The Bay Area location closed on Oct. 18 due to ‘rampant organized theft’ and safety concerns. Now, it reopens under tighter surveillance.
A shuttered Cotopaxi retail location in San Francisco reopened today after hiring private security, Cotopaxi founder and CEO Davis Smith announced.
Three weeks ago, Smith announced the initial closing of the Hayes Street Cotopaxi location via a LinkedIn post notable for its strong language regarding crime in San Francisco.
“It’s sad, but San Francisco appears to have descended into a city of chaos. Many streets and parks are overrun with drugs, criminals, and homelessness, and local leadership and law enforcement enable it through inaction,” Smith wrote. “Our store is hit by organized theft rings several times per week.”
However, Davis and his team then launched into discussions with neighborhood groups and the San Francisco Police Department. Those “productive” sessions allowed Davis’ team to reopen the store — under increased security.
“Cotopaxi is pleased to announce that after productive and positive meetings with Hayes Valley Merchants Association, the Board of Supervisors, and SFPD, measures have been put in place to allow us to reopen our storefront once again,” said Smith in the post. “We have also hired full-time private security.”
Cotopaxi responded to GearJunkie’s request for further comment, but could not confirm details beyond what Smith had already said.
Via an email the San Francisco Standard obtained, a Cotopaxi spokesperson said city police had agreed to “increase supervision” in the area.
After reaching an agreement with police to increase foot patrols in its Hayes Valley neighborhood, apparel company @Cotopaxi is reopening its SF store.
The CEO had previously announced the store’s temporary closure on LinkedIn, citing repeated theft.https://t.co/o9yl2ICb1T
— The San Francisco Standard (@sfstandard) November 10, 2022
‘Our team is terrified.’
Smith’s account of what led to the embattled store’s October closure details a hectic situation. In the year it was open, the location replaced its windows after thieves broke them on five separate occasions, he wrote.
Eventually, the store resorted to plywood while it waited for a security gate. Still, thieves targeted the store multiple times per week during business hours, according to Smith.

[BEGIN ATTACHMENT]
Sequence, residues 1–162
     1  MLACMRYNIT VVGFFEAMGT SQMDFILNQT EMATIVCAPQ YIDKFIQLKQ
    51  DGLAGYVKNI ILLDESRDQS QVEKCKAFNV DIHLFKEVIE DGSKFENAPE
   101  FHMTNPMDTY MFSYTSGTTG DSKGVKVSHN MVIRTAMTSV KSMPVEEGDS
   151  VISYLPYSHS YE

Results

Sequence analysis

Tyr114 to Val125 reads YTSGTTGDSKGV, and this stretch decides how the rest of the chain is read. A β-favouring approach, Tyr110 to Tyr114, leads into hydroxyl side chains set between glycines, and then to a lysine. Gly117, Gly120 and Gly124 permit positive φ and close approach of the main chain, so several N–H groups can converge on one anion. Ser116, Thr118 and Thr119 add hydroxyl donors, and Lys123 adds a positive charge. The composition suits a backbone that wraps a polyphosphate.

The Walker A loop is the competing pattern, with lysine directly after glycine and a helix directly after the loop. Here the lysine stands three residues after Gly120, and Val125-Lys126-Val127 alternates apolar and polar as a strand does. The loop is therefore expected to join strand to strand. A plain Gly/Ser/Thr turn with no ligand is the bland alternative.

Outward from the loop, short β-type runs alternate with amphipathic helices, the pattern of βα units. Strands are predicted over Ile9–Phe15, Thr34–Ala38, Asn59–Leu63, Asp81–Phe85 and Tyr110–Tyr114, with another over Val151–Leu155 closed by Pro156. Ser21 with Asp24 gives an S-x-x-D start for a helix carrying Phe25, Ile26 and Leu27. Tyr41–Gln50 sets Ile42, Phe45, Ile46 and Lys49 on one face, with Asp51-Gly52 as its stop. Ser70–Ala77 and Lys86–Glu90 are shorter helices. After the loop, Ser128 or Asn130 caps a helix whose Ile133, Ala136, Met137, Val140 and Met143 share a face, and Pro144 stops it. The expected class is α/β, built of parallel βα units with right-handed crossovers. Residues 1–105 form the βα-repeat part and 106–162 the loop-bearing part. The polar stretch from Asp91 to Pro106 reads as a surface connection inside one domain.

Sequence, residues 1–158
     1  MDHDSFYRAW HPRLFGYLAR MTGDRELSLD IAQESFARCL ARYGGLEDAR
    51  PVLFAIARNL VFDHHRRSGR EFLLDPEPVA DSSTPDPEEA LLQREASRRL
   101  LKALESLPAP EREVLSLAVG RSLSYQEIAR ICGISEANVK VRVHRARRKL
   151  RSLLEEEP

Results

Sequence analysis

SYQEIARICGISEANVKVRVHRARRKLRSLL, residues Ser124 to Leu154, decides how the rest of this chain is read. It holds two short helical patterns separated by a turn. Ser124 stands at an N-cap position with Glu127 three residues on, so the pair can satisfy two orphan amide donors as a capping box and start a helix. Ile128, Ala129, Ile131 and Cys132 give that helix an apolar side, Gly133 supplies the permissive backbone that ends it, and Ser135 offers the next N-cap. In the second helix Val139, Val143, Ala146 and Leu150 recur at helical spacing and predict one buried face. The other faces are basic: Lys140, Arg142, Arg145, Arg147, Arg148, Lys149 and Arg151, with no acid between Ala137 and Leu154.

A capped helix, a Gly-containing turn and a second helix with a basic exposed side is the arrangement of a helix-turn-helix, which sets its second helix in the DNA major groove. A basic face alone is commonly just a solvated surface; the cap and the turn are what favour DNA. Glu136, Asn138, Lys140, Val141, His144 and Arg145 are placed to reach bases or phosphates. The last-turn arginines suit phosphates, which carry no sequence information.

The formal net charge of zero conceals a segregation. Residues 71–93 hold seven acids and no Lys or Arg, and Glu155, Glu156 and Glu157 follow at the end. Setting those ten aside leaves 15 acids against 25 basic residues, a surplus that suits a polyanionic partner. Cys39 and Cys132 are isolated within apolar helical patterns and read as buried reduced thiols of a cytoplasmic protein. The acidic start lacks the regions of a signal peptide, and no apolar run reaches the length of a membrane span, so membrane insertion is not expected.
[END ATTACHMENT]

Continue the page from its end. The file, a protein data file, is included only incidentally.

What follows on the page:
Then, the store began locking its doors and admitting customers on a case-by-case basis, he wrote. But, he continued, the thieves responded by tricking employees into opening the doors and then rushing in to grab gear.
“Our team is terrified. They feel unsafe. Security guards don’t help because these theft rings know that security guards won’t/can’t stop them. It’s impossible for a retail store to operate in these circumstances, especially when cities refuse to take any action,” Smith said.
‘My intent was not to tear down San Francisco.’
Smith’s reopening announcement gained traction quickly Thursday, as the CEO sought to strike a hopeful tone and reconfirm the brand’s anti-poverty mission.
In the post, Smith announced a “renewal” of Cotopaxi’s partnership with the Tipping Point Community. The local nonprofit seeks to advance “poverty-fighting solutions” in the Bay Area by investing in housing, education, and employment.
The brand had partnered with the nonprofit prior to the Hayes Street store’s 2021 opening.
“My intent was not to tear down San Francisco, a city I have loved since childhood and where I have family, but it was to transparently share something that was going badly for us, something disappointing that we were going through,” Smith wrote. “We recognize that if we want change, we have to be part of the change we want to see, so we’re here to help.”
Data the San Francisco Chronicle recently analyzed from 2020 (the most recent available) showed that though the city was not experiencing high levels of crime per capita, property crime was unusually high.
According to the data, crime in the city was 21% below average when compared to 21 other cities with populations of 700,000 or more. However, property crime including burglary and theft was 41% above average.